This scene was highly inspiring to Mark and the readers of his gospel. Mark wrote this gospel between the years 65 to 70 according to the almost unanimous opinion of the experts. Now that was at the time of the first Roman persecution of the Church, the one launched between 64 and 68 by the cruel Emperor Nero. Both the apostles Peter and Paul perished in that persecution, along with many other leaders of the Church. (So, the early Christians were asking): Where was God in all this? Why was he permitting all this bloodshed? Was he asleep amid the storm? Mark, by reporting this episode of the calming of the storm, was reassuring the storm-tossed Church of Rome. He was saying in effect: “Christ might seem to be sleeping now, but do not worry. One of these days he will wake up and calm the storm.” Mark was right. In the year 68 Nero committed suicide and the storm abruptly ended.
In the course history, the Church has experienced many storms such as persecutions, controversies that involve money and sexual scandals. However, it is not only the church as a whole that experiences storms and crises, the church as an individual, we too, ourselves, have and experience a lot of storms and crises in our lives. Very common among them is financial crises, in the form of debts, loss of jobs, bankruptcy among others. In addition, we encounter relationship crises, marriage crises and/or family crises. A lot of my classmates in HS who are married are having difficulties in their marriage, and that’s becomes my problem as well, because, even if I am in Congo, they would call or email me to just to tell me and consult about their marriage problems. Many think that priests are lucky because they have none of these problems. Yes it is true we have none of the many of your concerns like raising children or an unfaithful husband or wife, unless, we keep one. But we too encounter a lot of problems in our work, with our co-priests and even with ourselves, that is why, there are those who are living the priesthood.
My dear brothers and sisters, the fact is, there is no way we can avoid storms in life. There will always be storms coming on us because we are living in a not so perfect world. Given our imperfect situation, it is up to us, it is left on our hands to make the best of out of these limitations. I very well remember what the Chinese often used to say in trying moments: “Crises are not something to be avoided but are opportunities to be exploited.” Simply said, crises, difficult situations are opportunities, opportunities to renew and strengthen relationship, opportunities for us to discover and exploit our hidden talents and skills and opportunities to fully develop ourselves. I believe this is also, how God suggests us to see trying moments in our lives.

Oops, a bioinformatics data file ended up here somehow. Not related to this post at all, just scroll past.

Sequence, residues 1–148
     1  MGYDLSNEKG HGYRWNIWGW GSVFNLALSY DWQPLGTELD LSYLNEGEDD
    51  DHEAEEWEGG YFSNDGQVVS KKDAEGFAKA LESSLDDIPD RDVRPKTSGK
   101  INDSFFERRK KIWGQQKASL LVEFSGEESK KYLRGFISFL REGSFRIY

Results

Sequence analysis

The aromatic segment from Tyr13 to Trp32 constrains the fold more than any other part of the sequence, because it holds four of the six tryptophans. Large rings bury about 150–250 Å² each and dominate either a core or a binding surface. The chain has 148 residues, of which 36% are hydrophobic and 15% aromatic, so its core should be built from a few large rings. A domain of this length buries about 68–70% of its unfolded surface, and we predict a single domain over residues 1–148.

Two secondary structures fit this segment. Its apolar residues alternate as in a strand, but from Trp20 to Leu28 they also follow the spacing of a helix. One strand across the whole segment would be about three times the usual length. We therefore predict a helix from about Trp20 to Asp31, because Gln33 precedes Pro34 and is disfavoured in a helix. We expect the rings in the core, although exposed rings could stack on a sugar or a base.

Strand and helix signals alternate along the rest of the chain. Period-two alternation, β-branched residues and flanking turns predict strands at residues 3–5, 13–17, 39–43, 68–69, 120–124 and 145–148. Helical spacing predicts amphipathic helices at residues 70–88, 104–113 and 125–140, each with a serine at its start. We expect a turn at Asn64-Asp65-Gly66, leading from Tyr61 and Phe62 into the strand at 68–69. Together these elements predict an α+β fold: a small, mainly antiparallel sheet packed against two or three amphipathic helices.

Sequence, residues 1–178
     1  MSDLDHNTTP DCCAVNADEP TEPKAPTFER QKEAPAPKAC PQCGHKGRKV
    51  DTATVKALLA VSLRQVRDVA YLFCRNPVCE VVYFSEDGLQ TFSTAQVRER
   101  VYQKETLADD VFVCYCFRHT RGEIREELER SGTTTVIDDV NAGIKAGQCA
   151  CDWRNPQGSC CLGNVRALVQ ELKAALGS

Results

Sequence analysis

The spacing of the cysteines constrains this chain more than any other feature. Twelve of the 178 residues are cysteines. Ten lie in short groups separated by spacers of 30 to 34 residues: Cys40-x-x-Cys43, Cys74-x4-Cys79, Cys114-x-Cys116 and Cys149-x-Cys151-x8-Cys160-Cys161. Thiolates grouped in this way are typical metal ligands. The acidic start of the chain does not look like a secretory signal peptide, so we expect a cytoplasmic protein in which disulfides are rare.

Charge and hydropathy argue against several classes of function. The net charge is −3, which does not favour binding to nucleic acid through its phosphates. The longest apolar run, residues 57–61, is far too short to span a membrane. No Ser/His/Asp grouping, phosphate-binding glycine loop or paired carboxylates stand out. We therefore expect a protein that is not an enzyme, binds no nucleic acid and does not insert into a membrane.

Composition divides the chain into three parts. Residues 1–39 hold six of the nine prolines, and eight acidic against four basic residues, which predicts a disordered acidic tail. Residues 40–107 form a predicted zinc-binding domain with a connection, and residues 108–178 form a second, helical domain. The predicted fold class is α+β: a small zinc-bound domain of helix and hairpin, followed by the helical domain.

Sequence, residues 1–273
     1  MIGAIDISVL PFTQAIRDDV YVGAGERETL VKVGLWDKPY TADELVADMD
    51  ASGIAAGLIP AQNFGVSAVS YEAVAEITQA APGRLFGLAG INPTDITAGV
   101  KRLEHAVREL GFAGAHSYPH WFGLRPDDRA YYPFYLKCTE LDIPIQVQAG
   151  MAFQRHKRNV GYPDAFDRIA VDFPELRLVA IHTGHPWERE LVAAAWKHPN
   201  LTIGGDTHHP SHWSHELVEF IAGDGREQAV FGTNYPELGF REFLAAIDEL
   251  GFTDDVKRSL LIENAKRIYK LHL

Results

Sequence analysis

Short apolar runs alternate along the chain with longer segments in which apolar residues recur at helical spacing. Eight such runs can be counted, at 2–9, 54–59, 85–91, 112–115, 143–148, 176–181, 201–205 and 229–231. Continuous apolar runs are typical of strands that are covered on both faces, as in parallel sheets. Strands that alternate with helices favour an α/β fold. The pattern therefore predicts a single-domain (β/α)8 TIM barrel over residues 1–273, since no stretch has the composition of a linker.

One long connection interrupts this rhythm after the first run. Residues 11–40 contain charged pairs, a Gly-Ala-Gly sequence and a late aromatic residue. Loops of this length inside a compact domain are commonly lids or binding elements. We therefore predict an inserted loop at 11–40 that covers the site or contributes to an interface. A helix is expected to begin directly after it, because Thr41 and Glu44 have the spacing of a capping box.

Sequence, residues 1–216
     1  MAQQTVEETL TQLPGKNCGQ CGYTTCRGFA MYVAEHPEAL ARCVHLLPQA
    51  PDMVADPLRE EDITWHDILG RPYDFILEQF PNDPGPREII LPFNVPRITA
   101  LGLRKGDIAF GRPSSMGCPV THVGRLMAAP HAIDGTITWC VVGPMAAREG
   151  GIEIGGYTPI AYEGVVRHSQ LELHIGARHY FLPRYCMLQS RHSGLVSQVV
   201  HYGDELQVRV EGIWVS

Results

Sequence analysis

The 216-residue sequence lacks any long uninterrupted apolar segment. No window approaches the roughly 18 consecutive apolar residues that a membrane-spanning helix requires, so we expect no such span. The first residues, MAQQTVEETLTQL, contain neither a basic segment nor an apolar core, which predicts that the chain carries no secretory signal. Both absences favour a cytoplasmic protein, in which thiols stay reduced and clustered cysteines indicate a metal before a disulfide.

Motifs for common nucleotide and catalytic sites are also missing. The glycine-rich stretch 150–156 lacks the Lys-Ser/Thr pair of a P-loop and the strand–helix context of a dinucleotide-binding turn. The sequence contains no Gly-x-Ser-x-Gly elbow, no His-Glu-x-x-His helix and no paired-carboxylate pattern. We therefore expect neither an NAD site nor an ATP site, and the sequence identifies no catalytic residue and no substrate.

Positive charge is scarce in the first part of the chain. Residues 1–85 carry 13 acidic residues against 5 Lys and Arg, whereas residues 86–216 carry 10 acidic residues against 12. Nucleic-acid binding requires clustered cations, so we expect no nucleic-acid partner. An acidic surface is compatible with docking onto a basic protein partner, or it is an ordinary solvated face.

It is here that I am reminded of Ray Charles, a renowned Gospel singer in US, a man whose songs are filled with emotions, who collected for himself numerous musical awards counting among them several Grammys. He is considered an icon in the word of music, a genius in fact, so much so that a film is made out of his extraordinary life. Like all of us, he too was knocked down by a storm, a really hard one. At the age of six, he was completely blinded. But that did not stop him from becoming one of the greatest musicians of our time, one that many considers a genius, who inspired others with his songs for God.
We are not blind like Ray Charles, if Charles did make it through the storm, the more it would be so for us. The gospel story should then inspire us during and amidst the storms of life. However violent and frightening they may be, we must trust that God is always at our side. True, he might wait a bit before intervening, for his own good reasons. But if we pray for his help and trust in him, we will always be given the strength and the courage to weather our storms. With him on board our boat, there is nothing to fear.